I check my social media accounts often. I check them on my laptop, my phone, and even my watch. I check in on my friends and strangers everyday. There they are with their new recipe for spinach artichoke dip, vacation pictures, and smiling kids who won the spelling bee. I like social media, but I often find myself comparing myself to my friends and strangers on social media. They take way better vacations than I do. Their houses are larger (and cleaner!). Their kids seem happier than mine. Their life must be awesome.
You also find yourself doing this. Right?
In her book Love Your Life, Not Theirs
, author Rachel Cruze says this constant mental comparison is dangerous and can lead to all sorts of mental, physical, and spiritual issues. She points to recent studies that have shown a direct correlation between the increasing amount of time we spend on social media and increased rates of anxiety and depression.
I think this is especially true for ministry leaders. I’m a bit of a church geek. I follow way too many churches and ministry leaders on social media. I love seeing what other churches and leaders are up to. I learn from them. But sometimes, I feel a bit down when looking at them. I don’t feel as smart or effective as those leaders. My church isn’t as large as theirs. People in my church aren’t smiling like the people in their pictures. It must be me.
When we look at the success of others online, we can’t help but think they are somehow at an unfair advantage. “If we only had their technology budget.” “If we only had their location.” “If I only had their staff..” That’s jealousy. When we cross the line between comparison and jealousy, we start to feel helpless, apathetic, and a bit sad about our own abilities and ministry. Ministry is hard work. Trying to keep up with other ministries is harder.
When you feel yourself comparing your leadership abilities and your ministry to other on social media, pause for a minute. Here are some things that might help motivate you instead of depress you.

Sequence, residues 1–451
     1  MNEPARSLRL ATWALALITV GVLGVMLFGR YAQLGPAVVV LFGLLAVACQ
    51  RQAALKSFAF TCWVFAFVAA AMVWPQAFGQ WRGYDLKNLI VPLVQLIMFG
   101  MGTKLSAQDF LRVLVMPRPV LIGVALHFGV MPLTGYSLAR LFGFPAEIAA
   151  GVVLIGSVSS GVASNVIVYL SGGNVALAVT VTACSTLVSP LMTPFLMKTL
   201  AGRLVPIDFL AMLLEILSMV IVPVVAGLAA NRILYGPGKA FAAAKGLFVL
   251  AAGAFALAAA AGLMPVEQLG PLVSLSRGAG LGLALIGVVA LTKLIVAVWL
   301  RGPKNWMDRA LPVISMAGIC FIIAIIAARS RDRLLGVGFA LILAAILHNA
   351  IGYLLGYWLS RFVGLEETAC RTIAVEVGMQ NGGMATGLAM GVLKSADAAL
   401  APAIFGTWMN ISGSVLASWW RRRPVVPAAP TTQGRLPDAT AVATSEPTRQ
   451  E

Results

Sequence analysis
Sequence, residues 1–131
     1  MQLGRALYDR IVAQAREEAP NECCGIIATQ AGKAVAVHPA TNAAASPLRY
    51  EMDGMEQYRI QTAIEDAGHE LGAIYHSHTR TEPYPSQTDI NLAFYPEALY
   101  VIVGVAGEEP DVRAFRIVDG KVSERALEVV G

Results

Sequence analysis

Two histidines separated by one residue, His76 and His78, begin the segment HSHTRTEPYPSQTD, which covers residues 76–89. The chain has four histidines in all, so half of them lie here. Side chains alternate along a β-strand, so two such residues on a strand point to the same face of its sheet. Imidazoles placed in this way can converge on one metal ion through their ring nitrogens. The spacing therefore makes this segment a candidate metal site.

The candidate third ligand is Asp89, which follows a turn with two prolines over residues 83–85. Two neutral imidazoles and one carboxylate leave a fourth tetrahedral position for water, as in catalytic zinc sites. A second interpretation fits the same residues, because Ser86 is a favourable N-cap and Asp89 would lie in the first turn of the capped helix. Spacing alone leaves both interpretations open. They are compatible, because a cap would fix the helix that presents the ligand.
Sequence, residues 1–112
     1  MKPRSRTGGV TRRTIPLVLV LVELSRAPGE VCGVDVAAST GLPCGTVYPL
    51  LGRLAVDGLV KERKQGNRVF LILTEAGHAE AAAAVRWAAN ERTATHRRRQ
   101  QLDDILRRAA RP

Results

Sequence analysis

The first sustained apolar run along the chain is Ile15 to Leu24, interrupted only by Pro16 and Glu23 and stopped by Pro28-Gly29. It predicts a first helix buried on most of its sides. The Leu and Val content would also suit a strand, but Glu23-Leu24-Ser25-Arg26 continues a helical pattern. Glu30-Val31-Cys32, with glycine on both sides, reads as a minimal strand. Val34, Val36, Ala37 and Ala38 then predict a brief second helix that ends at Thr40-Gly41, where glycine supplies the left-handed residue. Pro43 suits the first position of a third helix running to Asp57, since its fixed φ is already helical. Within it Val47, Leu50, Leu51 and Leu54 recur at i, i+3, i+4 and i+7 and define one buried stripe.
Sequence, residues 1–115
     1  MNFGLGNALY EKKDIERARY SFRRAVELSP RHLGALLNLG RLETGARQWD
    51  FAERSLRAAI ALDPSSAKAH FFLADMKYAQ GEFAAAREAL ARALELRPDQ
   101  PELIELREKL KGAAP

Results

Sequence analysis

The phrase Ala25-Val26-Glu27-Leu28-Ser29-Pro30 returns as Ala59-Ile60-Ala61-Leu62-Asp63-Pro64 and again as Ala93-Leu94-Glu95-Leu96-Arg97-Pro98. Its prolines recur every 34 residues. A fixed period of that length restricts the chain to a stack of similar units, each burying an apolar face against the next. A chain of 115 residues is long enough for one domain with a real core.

3 Steps to Avoid the Ministry Comparison Trap
1. Give Yourself a Reality Check
What you are seeing on social media is real, but it is not reality. You are seeing real pictures from a ministry in action, but those pictures do not tell the whole story – they only capture one moment in time. You are not seeing pictures of the people that are angry because of a recent change the pastor made to their worship services. You are not seeing pictures of the budget meeting. You are not seeing pictures of the pastor stressing over recently declining attendance. You are not seeing tired staff members wondering if they should look elsewhere for another job. I guarantee those moments exist in those ministries. They exist in yours. You don’t highlight and broadcast those moments, neither do they. In the past year, several high profile mega-church pastors had to leave the ministry because of burnout or personal failures. I follow them on social media. They didn’t post any of the events or feelings that lead to their downfall while it was happening. Social media wasn’t their whole story. Social media isn’t the whole story – don’t think that it is. They do ministry in the real world – so do you.
2. Think Blessed vs. #Blessed
Recenter your thinking on the blessings that you have in your ministry and the blessings in other ministries. Be thankful for the people and opportunities that you have in your ministry right now. It is also important to be thankful for the people and opportunities that other ministries have in their community and context. If you are thanking God for your opportunities and their opportunities, it is hard for jealousy to work its way into your heart. Focus on the real blessings in your ministry and not the #blessings you see in other ministries through the filter of social media.
3. Maintain a Learning Mindset
I do not suggest that you stop following other ministries or give up social media altogether. In fact, follow more ministries and ministry leaders. Learn from them. While comparing your ministry to others can steal joy, learning from others should motivate you. Look at other ministries, analyze them, and steal their best practices if they fit your ministry. Leaders are learners and learners are motivated by more learning. The dangers of constantly comparing your ministry to others are real. But the opportunities for real reflection and learning are just as real. It is a choice you must make Either approach what you see on social media with a learning mindset or a comparison mindset.